'Emissions-Free' Power Plant Pilot Fires up in Germany

The new technology has the potential to allow coal to be burnt without releasing harmful greenhouse gases.

One of Europe's biggest power firms inaugurated a prototype coal-fired power station on Sept. 9 that it says is almost emissions-free but environmentalists were unimpressed. Located at the site of the massive "Schwarze Pumpe" ("Black Pump") power station in eastern Germany, Vattenfall said the new technology has the potential to allow coal to be burnt without releasing harmful greenhouse gases. "Today industrial history is being written," Vattenfall Europe's chief executive Tuomo Hatakka said. "Coal has a future -- but not the carbon dioxide emissions from it."

The new method being developed by Vattenfall is called Carbon Capture and Storage, or CCS, which captures the greenhouse gases produced when fossil fuels are combusted. This prevents the greenhouse gases escaping into the Earth's atmosphere and contributing to global warming. The captured carbon dioxide is compressed until it becomes liquid and then injected deep underground and safely sealed away, Vattenfall says.

In the case of the pilot plant near Spremberg close to the Polish border, the liquid carbon dioxide is taken 350 kilometres (210 miles) in lorries and injected "for permanent storage" in a gas field in northern Germany.

But environment groups were far from happy. Germany's BUND pressure group slammed CCS as a "fig leaf" allowing new coal-fired power stations that chuck out millions of tons of carbon dioxide to be built while giving the appearance of addressing global warming. "Vattenfall managers talk a lot about supposedly environmentally friendly coal power stations but they are still planning and building conventional coal-fired power stations with high levels of CO2 emissions," BUND's energy spokesman Thorben Becker said.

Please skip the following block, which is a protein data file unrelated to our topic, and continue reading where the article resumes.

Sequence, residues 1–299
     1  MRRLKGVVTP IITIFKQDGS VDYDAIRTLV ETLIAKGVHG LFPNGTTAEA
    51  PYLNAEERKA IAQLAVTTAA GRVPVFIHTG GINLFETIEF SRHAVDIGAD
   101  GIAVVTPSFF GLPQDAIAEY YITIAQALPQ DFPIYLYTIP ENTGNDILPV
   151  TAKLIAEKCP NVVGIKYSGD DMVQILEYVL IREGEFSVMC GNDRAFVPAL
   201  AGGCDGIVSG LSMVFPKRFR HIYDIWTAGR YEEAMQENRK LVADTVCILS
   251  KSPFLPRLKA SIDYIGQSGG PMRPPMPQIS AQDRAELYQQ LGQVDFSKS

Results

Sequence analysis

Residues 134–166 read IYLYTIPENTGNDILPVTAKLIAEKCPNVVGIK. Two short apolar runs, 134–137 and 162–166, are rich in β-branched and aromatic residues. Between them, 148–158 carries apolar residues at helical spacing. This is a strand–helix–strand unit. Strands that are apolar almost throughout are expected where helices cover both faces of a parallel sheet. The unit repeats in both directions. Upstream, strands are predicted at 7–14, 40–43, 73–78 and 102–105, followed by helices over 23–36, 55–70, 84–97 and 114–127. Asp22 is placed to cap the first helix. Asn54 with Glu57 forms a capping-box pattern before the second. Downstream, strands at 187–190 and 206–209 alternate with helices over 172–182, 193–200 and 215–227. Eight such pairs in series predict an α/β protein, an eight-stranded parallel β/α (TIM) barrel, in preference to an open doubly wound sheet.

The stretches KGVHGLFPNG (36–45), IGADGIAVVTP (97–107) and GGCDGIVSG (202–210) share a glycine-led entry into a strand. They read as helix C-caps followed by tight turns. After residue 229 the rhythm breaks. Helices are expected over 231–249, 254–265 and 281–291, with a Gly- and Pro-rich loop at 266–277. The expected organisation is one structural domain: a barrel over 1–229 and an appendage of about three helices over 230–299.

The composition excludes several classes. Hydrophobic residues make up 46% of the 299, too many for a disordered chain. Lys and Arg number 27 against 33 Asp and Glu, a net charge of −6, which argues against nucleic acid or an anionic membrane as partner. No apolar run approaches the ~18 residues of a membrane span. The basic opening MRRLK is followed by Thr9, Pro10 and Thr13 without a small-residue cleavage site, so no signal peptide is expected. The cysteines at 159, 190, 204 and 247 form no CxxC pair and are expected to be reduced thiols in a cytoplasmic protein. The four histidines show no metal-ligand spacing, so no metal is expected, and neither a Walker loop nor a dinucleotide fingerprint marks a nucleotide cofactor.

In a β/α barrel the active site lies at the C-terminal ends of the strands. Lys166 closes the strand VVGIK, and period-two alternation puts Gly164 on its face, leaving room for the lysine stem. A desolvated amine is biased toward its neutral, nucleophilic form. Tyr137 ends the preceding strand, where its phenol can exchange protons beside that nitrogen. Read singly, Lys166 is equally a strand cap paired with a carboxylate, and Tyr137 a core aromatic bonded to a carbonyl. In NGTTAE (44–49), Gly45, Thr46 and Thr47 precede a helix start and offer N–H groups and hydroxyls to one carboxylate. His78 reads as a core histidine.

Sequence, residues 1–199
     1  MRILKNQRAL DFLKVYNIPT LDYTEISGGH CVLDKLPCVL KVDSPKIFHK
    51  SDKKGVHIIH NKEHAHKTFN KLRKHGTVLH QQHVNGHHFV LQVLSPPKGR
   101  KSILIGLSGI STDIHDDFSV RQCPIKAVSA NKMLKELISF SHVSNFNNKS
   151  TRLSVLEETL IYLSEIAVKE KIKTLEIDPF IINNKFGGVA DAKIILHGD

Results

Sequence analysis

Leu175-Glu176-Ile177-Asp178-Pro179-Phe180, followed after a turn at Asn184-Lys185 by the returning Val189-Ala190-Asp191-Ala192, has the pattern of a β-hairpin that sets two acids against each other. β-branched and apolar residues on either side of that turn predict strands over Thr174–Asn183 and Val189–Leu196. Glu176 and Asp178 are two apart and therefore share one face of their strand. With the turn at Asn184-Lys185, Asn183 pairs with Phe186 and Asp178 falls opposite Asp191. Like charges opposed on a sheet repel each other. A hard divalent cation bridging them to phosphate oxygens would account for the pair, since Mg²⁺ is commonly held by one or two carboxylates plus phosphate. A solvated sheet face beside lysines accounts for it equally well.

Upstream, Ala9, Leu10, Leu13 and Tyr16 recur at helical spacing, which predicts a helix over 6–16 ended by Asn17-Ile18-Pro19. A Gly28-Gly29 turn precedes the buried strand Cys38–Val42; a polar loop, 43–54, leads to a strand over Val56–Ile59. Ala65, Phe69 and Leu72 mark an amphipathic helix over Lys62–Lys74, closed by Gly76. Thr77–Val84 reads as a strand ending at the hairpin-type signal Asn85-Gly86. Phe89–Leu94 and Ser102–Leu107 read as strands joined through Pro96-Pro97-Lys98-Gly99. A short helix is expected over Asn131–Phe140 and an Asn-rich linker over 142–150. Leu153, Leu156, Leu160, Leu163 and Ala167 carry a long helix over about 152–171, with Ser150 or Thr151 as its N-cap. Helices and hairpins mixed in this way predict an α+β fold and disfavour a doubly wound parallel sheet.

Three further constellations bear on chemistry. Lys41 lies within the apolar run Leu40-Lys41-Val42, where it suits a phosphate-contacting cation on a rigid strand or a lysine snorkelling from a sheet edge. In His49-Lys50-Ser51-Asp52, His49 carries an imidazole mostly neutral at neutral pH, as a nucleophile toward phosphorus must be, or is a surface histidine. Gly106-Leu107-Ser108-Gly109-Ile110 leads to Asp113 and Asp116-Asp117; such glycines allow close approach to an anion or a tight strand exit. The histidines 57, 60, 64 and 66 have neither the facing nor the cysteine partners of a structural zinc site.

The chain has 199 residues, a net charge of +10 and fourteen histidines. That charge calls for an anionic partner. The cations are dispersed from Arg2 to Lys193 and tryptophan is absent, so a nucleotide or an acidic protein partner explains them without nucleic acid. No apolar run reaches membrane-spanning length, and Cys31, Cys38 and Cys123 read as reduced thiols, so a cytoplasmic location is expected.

Greenpeace said that CCS decreases the amount of energy produced by coal-fired plants by 10 to 40%, meaning a much greater amount of coal must be burnt to produce the same amount of energy. The effect will be higher prices for CCS electricity, critics cited by Tageszeitung said.

Opponents, who held a small demonstration outside Schwarze Pumpe, say the technology would not be ready for the mass market before 2020.

The plant between Dresden and Berlin is also the first in the world to use a new way of burning the coal -- in this case lignite, to be precise -- known as oxyfuel combustion. This involves burning the coal in pure oxygen so that practically the only so-called flue gas produced is carbon dioxide as opposed to the cocktail of different gases emitted by conventional technology, making CCS easier.

The other two methods are known as postcombustion, whereby CO2 is "washed" from the flue gas after conventional combustion, and precombustion in which a gasification process removes carbon from the fuel before being burnt.

With around two-thirds of the world's power generated by burning fossil fuels and humanity set to rely heavily on these "for the foreseeable future," Vattenfall says the new technology is the way forward.

Copyright Agence France-Presse, 2008

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